Power Lifting Moves
There are three extremely useful lifts, which can help to build explosive strength – barbell dead lift, barbell bench press, and the barbell squat. To build muscle and strength, these three moves can build muscle mass all over.
Power lifters focus on one rep max during competitions. They win through a total combination of the weight lifted rather than reps performed with a heavy weight. With any weight training, the more weight that is lifted or squatted, the more muscle mass can be attained. Power lifting can also shorten a workout greatly.
All three exercises – bench press, dead lift, and squat – are compound lifts. They use several of the large muscle groups; stimulate muscular adaptations and the nervous system of the entire body. For both power lifters and those who want to gain significant muscle mass and strength, these three lifts require focus and should take top place on the agenda of strength gain.
The dead lift trains each of the muscles on the back of the body, plus the quads and abdominals. This exercise allows you to use the most weight to build explosive strength and muscle mass over the entire body. The feet should be shoulder width apart, slightly outward, and situated in the centre of the bar. Keep the back straight, bend forward, and down at the hip and knees. Grip the bar a couple of inches wider than the feet. Pull the weight up by pushing the hips forward and pulling it up to the shins. Lower it. That makes one rep. If you are in general good health, it is safe to perform dead lifts. Those starting out with weights, work on strengthening the back and core first. Work up to a heavier weight so as not to cause injury. Do not arch the back or round it when performing a dead lift – this could pose problems and cause a bad back.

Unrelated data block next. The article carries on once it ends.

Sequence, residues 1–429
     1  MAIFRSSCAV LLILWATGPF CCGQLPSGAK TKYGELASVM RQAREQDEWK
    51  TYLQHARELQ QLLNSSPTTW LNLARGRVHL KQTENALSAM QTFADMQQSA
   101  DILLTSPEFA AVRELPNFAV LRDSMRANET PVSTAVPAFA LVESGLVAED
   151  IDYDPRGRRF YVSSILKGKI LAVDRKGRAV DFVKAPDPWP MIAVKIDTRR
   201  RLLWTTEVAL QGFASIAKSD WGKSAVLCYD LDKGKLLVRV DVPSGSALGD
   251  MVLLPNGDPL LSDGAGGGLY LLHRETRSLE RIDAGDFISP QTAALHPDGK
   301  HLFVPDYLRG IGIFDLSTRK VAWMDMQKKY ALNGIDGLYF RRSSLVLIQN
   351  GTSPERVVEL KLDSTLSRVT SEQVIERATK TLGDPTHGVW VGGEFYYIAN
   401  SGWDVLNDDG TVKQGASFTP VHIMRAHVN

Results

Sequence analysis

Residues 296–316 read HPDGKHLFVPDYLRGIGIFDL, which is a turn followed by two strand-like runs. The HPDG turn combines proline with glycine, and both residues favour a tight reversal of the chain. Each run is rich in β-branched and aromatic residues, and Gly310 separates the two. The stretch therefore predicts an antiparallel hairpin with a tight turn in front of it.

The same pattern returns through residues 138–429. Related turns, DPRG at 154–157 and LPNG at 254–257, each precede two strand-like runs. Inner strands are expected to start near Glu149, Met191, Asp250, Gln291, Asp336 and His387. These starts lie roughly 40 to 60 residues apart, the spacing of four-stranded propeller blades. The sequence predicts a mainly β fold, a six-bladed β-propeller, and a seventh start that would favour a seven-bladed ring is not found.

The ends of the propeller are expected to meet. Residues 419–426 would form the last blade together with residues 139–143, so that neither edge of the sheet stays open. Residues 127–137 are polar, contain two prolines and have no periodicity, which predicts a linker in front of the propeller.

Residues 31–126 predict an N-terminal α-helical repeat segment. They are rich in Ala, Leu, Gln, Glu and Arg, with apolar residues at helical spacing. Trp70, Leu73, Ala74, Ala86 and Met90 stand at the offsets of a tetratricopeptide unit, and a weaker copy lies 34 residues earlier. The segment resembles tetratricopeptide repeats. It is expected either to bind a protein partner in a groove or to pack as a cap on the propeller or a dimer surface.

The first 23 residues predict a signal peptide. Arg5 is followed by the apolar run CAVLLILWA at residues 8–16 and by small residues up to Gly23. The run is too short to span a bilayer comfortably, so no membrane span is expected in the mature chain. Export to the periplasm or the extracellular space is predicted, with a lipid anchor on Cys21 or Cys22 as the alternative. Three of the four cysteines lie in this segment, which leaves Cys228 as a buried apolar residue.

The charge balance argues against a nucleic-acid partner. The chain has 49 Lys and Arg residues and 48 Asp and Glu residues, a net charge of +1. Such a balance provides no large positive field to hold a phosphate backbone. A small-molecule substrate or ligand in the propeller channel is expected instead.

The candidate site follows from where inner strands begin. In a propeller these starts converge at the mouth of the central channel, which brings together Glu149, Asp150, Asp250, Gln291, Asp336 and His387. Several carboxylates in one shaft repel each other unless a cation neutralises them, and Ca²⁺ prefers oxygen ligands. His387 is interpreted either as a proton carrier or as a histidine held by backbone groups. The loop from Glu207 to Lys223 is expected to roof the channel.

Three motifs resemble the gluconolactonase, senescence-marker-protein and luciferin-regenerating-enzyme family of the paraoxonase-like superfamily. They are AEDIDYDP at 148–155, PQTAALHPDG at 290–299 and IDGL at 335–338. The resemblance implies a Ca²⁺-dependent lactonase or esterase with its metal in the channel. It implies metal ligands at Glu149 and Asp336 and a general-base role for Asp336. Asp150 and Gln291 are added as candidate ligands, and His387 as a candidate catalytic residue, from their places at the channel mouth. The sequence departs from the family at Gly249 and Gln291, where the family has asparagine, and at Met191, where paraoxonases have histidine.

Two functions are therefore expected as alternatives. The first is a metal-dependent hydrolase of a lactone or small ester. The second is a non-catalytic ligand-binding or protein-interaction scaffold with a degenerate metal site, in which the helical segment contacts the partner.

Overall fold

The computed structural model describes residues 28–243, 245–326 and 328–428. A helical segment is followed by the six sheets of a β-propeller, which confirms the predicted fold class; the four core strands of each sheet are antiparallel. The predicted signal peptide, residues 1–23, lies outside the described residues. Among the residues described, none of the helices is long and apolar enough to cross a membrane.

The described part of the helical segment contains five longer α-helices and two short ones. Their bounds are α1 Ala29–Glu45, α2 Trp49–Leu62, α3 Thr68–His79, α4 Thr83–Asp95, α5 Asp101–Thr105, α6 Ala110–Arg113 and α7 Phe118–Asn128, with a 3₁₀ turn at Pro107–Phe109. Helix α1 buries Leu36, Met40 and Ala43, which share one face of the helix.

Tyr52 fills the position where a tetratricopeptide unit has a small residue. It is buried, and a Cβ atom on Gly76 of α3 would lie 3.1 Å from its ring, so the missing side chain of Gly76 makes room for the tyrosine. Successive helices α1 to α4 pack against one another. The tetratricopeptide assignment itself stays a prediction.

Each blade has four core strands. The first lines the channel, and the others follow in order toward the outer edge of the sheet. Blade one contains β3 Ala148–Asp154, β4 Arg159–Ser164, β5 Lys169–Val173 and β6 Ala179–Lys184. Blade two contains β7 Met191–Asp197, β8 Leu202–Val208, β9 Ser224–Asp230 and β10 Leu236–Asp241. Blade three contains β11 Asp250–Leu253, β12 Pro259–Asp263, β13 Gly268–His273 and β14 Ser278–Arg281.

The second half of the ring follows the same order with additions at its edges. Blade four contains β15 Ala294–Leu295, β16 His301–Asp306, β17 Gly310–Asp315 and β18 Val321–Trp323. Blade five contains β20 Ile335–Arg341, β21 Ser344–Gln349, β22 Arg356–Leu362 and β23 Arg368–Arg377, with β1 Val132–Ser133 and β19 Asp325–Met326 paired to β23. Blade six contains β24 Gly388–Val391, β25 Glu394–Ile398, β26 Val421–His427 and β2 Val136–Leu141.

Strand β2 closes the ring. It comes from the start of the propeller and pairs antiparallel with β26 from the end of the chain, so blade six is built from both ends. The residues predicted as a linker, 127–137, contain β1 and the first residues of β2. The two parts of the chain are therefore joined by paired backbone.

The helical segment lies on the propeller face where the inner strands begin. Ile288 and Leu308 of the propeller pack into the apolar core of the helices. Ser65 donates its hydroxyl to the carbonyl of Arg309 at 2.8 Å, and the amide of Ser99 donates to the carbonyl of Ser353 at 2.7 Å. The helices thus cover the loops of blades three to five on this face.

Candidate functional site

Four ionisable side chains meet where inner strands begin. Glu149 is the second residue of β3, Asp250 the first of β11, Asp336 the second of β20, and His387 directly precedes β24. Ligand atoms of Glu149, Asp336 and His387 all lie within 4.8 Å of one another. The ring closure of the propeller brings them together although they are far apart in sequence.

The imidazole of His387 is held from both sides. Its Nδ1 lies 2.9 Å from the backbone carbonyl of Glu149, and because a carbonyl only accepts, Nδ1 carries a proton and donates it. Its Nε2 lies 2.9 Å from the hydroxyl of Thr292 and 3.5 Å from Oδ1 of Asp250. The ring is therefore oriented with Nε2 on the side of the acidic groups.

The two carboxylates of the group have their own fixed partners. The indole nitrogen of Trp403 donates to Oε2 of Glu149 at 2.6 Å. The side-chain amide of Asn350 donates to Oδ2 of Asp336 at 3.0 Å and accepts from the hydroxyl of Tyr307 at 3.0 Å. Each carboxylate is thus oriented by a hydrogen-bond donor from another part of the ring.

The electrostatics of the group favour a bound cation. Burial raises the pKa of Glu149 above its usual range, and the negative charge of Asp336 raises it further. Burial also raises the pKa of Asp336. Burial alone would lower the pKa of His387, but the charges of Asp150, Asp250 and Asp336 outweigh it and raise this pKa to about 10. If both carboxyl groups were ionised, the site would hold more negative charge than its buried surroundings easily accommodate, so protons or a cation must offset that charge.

The squat develops leg size and strength but is also one of the most difficult exercises to get right. It is important to get as low as possible with squats. The heavier the weight the more difficult it will be to sink down comfortably without causing problems or a strain on the back. The feel should be shoulder width apart, toes pointed out slightly. The barbell should not lie on the neck or directly on the shoulders, but the fleshy part of the shoulders. The heels should take the weight of the squat and the abdominals should be pulled in and remain reasonably upright, the lower back concave. It is important to try to squat down as far down as is comfortable. When the back starts to round, the squat is far too low. Try to get the thighs parallel with the floor. The feet should still be visible when the squat is as low as comfortably possible.
The bench press helps to build explosive arm power, strengthen the shoulders, and develops the pectoral muscles, but performed incorrectly, shoulder injuries may occur. The back should sink into the bench and the shoulders should be back, away from the ears. The grip should be around a couple of inches wider than shoulder width either side. The forearms should remain under the bar and the upper arms remain 45 degrees in line with the body. From the chest the bar is pressed up quickly again sustaining correct form. Focus on bringing the shoulder blades together with each rep. This helps to stabilise the trunk. Keep the feet on the floor at all times, it is important, stabilises the body, and prevents injury.